A 600 year old silver and gilt ring unearthed on the Isle of Man was today declared to be “Treasure” by the island’s Coroner of Inquests.
First discovered in May this year by metal detectorist Gordon Graham, the ring dates to between AD 1400 and 1500. It is made of silver, but gilded with gold and finely decorated with geometric patterns.
Allison Fox, Curator for Archaeology at Manx National Heritage said:
“We don’t know who this particular ring belonged to before it went into the ground, but we can see from the quality that they had the means to buy good pieces.
The period between AD 1400 and 1500 is an interesting one for the Island. It led to the start of a relatively settled time, with the rule of the Stanley family providing political stability. This encouraged wealth generation and we could suppose that this ring originally belonged to either a wealthy local person or visitor who wasn’t averse to showing their wealth. But, equally likely, perhaps it belonged to someone who just liked nice jewellery!”
Viking rule had ended in AD 1266 and was followed by a century or so of political and social upheaval, with the Island alternating between English and Scottish rule. When King Henry IV of England eventually took control, the Island was officially granted to Sir John Stanley in 1406. The period is not very well-documented, but the Stanley family were one of the wealthiest and most influential in England and they no doubt brought some of this to the Island.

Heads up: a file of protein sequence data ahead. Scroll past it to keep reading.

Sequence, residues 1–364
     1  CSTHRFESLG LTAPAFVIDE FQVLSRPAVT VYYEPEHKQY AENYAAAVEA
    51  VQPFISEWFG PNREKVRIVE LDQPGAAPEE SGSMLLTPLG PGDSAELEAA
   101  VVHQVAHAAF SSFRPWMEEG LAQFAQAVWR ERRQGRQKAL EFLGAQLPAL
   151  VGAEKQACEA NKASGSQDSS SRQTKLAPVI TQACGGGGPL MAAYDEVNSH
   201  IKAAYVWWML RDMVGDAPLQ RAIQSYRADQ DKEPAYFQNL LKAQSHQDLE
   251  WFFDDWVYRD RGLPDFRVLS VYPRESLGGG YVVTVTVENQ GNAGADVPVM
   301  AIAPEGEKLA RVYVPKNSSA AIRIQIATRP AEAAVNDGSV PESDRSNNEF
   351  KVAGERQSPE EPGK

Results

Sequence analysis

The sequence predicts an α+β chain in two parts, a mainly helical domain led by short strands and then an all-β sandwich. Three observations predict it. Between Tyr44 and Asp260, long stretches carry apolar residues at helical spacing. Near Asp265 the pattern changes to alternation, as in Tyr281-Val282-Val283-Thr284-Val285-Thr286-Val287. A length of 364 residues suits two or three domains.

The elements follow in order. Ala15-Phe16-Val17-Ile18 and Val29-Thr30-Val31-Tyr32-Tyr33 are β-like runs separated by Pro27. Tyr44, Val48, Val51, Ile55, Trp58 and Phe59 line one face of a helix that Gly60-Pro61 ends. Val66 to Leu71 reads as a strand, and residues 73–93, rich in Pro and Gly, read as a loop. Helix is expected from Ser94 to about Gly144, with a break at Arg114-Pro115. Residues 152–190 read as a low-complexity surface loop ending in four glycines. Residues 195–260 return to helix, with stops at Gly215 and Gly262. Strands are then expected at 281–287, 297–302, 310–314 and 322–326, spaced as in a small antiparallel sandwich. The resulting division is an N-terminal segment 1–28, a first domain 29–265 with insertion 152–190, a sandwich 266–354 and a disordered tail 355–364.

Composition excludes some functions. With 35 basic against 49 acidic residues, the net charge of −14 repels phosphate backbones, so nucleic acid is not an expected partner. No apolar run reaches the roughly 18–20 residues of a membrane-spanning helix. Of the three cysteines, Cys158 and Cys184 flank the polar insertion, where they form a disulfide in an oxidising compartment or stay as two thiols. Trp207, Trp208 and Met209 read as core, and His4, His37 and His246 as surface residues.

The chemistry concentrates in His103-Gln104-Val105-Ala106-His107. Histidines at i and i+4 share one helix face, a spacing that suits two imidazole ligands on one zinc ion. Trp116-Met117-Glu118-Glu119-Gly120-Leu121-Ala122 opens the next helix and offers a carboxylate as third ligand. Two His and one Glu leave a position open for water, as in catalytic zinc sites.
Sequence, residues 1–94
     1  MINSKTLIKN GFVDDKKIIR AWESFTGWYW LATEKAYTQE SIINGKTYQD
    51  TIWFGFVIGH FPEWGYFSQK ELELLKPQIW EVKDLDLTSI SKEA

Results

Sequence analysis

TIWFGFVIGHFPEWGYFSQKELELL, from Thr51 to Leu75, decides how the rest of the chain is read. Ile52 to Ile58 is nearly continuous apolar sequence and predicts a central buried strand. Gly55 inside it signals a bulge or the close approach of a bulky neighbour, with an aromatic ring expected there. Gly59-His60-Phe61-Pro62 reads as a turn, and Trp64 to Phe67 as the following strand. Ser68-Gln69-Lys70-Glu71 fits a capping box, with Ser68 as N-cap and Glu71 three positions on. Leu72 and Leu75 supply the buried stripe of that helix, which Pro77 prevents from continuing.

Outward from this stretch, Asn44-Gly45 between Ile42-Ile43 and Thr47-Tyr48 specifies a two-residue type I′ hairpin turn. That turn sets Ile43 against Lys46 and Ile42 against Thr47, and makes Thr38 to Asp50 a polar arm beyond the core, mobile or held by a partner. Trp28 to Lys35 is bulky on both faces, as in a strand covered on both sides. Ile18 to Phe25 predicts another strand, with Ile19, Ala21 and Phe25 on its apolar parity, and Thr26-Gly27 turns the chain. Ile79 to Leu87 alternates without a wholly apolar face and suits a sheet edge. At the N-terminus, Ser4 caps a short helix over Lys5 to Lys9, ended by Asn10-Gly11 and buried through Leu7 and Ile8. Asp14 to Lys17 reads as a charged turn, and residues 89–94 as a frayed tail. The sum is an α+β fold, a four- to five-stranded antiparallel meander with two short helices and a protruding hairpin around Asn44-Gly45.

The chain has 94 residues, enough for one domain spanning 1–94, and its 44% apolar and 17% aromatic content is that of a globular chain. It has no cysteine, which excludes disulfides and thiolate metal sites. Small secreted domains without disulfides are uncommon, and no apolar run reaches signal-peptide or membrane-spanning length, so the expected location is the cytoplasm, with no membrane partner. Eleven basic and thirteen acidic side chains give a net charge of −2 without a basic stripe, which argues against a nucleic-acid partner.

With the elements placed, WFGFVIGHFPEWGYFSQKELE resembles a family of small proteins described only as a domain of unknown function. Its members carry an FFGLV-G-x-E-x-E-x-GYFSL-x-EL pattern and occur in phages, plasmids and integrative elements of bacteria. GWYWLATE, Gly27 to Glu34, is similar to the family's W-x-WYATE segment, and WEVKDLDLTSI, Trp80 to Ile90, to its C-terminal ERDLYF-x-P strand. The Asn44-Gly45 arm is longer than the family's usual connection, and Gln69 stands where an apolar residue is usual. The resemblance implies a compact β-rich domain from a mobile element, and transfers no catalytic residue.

One of the most notable events during this century was the writing down of the Manx law for the first time. Since Viking times, the law had been only spoken, passed down by word of mouth. In 1417, on the instruction of the second Sir John Stanley, the laws of the Island began to be written down.
All archaeological artefacts discovered on the Isle of Man should be reported to Manx National Heritage. If an artefact meets the categories in the Treasure Act 2017, which include being at least 300 years old and having a metallic content of at least 10% precious metal, the find must also be reported to the Coroner of Inquests, who decides whether or not the find is Treasure. If declared to be Treasure, a financial reward is usually paid to the finder and landowner. This ring is the first reported find to be declared Treasure under the Isle of Man’s updated treasure legislation”.
Manx National Heritage extends their thanks to Gordon and the landowners for their assistance and support throughout the Treasure process.
The newly discovered ring will go on display in the Medieval Gallery at the Manx Museum from Saturday 16 December 2018 until February 2019. The museum is open daily from 10am to 5pm and admission is free.
More information on the Treasure Act 2017 is available at: